Social and economic inclusion and well being, is the primary capacity that enables citizens to lead quality lives and partake in the processes of development. It also empowers the people to oppose social oppression and prejudice. In fact many a theorists have claimed ‘economic class’ to be the single most important parameter that defines, even if it overlaps with certain other parameters (in cases like caste), the performance of an individual on all other parameters. The opportunities available for a person to lead a decent life are directly proportional to the class s/he comes from. There are optimistic messages from the proponents of the “knowledge society” which see technology enabling civic education and the flattening of access structures to basic health services, quality education, employment opportunities, and government to citizen services. The institutionalisation of such an ecosystem is the underlying challenge for the knowledge society.
One of the most important dimensions of the new information society is predicted to be the availability of learning to every citizen, both qualitatively, and by the standards of employability. It also encompasses the idea of lifelong civic education, where the citizens can be reached by the governments, and the notion of a citizen can gain prominence vis-a-vis other forms of identities. Consequently there needs to be much research on learning environments that can bypass the obstacles of traditional education systems which leave many citizens illiterate. Issues of language,and design become very important in this regard. However, any learning systems, environments, and ICT enhanced education scenarios, cannot be made available to the masses without an infrastructure background.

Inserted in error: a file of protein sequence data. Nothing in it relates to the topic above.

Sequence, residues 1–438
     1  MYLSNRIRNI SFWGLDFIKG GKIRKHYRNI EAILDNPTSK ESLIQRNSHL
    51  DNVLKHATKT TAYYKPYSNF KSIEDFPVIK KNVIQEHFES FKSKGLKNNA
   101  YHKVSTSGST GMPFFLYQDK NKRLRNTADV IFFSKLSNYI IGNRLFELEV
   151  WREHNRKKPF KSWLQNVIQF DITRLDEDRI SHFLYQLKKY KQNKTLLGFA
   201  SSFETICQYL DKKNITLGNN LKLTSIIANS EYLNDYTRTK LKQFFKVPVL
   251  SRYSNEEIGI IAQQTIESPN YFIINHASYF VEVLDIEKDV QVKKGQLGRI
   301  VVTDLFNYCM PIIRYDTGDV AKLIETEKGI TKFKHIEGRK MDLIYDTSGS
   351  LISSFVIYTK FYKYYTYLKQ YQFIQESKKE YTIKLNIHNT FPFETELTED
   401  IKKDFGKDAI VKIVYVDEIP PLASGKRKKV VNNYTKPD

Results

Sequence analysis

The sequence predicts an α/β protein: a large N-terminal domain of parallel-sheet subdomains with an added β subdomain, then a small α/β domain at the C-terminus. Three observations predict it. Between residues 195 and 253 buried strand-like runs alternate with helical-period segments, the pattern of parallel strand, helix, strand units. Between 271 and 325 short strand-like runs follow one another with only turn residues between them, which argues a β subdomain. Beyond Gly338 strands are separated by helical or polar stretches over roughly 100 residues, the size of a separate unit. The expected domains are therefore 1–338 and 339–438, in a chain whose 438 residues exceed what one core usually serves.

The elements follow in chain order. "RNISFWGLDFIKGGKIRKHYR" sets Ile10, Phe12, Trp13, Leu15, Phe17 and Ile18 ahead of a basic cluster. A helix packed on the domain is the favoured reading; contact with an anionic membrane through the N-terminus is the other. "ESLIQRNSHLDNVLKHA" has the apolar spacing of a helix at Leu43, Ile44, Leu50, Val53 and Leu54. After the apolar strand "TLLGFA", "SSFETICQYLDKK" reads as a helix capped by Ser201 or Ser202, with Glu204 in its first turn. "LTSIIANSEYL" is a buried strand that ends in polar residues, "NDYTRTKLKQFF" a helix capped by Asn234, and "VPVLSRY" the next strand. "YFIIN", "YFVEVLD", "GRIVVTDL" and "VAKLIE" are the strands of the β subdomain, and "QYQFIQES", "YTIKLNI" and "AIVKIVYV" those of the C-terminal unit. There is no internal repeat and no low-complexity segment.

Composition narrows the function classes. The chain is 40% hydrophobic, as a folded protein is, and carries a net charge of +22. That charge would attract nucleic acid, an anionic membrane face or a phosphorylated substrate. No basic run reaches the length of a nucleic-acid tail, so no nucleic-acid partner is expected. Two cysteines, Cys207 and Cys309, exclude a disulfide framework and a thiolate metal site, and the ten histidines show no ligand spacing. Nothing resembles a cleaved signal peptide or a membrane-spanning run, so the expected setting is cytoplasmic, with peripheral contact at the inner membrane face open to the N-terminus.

The village knowledge hub initiatives around the world are trying to close the drastic ‘digital divide’. There is also the need to pay attention to the various divides like, the age divide, the cognitive divide, and the economic divide wherein the full potentialities offered by ICTs are at a premium, and there is already a hierarchy building up in the virtual world, to mirror the real world, so to speak. There is also a need to make the new technologies more friendly towards differently-abled people. Special educational material, customised hardware solutions, and skill training is needed to include these people in the information paradigm. New communication technologies are also revolutionising the access to knowledge. There are movements to support open publishing, and a commons philosophy.
Media is also undergoing systemic transformations in the new era. New media technologies are forever changing the face of news production and dissemination.The networking capabilities of the new technologies can be harnessed for local network building, for increasing the bargaining power of the concerned communities. It is also hoped, that the new social formations, assisted by ICTs will be able to fight sectarianism and identities based on religion and gender to pave the way for more equity. This issue of i4d looks into some of the aspects under the umbrella of ‘Emerging people’.